wall for Bassem "your identification says you are from Jayyous.
Because you are from Jayyous I have no problem hitting you as I
His brother has been forced to abandon his half completed
neighboring dwelling. They have repeatedly tear gassed
indiscriminately. They yell at him if he goes onto his own roof.
They routinely occupy his house. A sadness comes across his eyes as
he says "they entered my house when I was not here", when only his
wife and children were at home. "My children are very afraid".
Local people in affected communities however have been steadfast in
their courageous resistance to the Apartheid Wall. On Sunday,
December 29th a non-violent demonstration of 200 Palestinians and a
number of International Solidarity Movement activists attempted to
cross the area where the wall is being built to get to their fields.
Israeli forces met the non-violent protest with tear gas, clubs,
rubber bullets and live rounds. Frustrated local youth soon replied
by throwing rocks and were met by more gunfire. Serious injuries
were fortunately avoided.
The following day the Israeli Border Police took reprisal measures.
Three youth, one the younger brother of Bassem, were reportedly
walking to Bassem's house when they were apprehended and detained by
They were allegedly roughed up and one youth was released shortly
thereafter. They were being held near the home of Bassem on a road
near the Apartheid Wall. The International Solidarity Movement
happened to have a strong presence in the village when the youth
were detained. A number of people approached the Border Police to
inquire about the status of the detained youth.
The reply of the Border Police was swift. They directed "all kinds
of verbal insults" in the words of ISM negotiator Marcey, a Hebrew
speaker and 60 year old human rights activist from New York. The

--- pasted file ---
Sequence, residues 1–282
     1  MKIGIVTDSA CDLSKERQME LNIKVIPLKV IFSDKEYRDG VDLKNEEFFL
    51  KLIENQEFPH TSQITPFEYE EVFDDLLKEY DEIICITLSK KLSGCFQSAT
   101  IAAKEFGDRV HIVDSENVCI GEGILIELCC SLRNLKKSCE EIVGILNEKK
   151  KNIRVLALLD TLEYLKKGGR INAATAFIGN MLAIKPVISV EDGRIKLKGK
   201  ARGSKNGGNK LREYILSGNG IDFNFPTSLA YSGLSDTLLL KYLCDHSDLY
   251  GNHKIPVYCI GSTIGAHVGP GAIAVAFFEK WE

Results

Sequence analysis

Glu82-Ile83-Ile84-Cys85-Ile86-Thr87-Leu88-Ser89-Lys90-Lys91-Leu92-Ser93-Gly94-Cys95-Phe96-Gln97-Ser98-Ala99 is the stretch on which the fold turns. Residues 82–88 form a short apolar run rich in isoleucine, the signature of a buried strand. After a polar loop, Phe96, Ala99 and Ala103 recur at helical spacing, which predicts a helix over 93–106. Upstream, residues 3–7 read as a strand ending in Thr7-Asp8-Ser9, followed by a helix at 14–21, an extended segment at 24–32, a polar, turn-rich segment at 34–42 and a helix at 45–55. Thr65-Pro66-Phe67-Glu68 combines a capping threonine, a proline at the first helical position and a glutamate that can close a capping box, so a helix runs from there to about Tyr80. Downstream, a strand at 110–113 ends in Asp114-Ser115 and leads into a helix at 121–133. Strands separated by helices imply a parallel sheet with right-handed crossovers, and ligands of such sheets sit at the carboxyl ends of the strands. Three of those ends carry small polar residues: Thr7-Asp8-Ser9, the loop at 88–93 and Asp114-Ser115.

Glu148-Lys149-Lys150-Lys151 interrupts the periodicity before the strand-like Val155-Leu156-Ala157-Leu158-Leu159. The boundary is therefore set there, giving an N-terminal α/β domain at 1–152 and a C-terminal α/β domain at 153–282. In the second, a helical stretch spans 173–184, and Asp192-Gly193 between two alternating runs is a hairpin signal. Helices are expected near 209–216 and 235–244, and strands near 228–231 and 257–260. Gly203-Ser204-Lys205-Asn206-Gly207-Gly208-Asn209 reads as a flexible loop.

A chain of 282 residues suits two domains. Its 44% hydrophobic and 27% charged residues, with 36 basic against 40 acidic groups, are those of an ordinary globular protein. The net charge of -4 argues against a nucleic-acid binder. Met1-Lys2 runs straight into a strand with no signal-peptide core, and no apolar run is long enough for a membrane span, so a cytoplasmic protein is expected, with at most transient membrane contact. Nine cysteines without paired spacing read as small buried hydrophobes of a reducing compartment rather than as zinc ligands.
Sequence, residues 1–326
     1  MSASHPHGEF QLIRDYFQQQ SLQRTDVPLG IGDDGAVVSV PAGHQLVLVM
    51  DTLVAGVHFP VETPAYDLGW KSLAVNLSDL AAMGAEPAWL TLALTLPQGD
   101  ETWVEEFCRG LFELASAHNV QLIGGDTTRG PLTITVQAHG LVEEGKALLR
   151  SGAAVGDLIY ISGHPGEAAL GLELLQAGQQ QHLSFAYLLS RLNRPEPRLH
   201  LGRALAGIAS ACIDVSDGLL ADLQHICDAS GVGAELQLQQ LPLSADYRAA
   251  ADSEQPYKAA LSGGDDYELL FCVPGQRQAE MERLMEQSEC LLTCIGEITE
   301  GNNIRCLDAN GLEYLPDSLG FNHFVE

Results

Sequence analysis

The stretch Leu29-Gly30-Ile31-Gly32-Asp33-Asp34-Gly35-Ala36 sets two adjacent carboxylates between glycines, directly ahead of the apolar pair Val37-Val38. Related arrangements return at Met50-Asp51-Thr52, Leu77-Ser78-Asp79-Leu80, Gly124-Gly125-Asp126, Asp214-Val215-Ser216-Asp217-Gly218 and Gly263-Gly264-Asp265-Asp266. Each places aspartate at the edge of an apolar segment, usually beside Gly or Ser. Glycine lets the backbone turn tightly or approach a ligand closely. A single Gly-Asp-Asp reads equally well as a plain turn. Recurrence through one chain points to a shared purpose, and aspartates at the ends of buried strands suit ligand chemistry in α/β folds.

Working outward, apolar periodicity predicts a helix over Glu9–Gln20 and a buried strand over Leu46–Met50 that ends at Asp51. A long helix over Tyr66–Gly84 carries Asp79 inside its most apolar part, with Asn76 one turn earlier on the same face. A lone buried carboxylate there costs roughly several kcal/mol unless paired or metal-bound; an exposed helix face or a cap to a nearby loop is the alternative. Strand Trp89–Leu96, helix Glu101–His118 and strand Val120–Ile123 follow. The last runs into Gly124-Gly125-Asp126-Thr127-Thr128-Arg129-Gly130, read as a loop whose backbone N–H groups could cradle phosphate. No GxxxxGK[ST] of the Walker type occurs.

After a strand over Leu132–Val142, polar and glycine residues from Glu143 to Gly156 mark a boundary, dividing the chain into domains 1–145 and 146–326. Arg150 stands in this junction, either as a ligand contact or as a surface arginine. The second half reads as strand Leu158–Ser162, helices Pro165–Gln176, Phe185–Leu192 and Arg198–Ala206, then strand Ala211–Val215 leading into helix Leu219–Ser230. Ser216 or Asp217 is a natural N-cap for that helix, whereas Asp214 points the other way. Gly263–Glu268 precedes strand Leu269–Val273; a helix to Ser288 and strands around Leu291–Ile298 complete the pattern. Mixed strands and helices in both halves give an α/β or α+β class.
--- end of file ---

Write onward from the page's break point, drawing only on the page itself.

verbal abuse was followed with an attack. Marcey narrowly avoided
being injured when she was hit on the head with a concussion grenade
that exploded at her feet.
It was one of two thrown at ISM activists. Two tear gas canisters
were also thrown in our direction. Border Police and private
security pointed automatic weapons and threatened to shoot the non-
violent team for wanting to discuss the situation.
Eventually the ISM negotiation team did succeed in speaking directly
with the Police and they were all joined by the frightened and sad
mothers of the two youths. Bassem and his brother succeeded in
approaching the Border Police as well and joining the negotiations.
Bassem remained remarkably composed and thoughtful throughout
despite the desperate nature of his situation. The sides reached a
tentative agreement that if the ISM activists withdrew and ended the
standoff, the two youths would be released. Bassem counseled the
ISM team to accept the proposal, and the youths were eventually
released. When released, the youths quickly disappeared into the
village, but the anxiety that the Wall's construction has brought
Bassem, his family, his home and the village managed to escape day
of Israeli violence largely unscathed. But there are no guarantees
in the days to come.
Around Bassem's house lies a visual testament to the Palestinian
struggle for justice in their own land. In a desperate effort to
survive Bassem has moved some ancient olive trees that were severely
cut back to the area around his house. He is nourishing them with
water and hopes they survive. Their fate, like the Palestinian
struggle for justice, remains very uncertain.
Drew Penland can be reached via: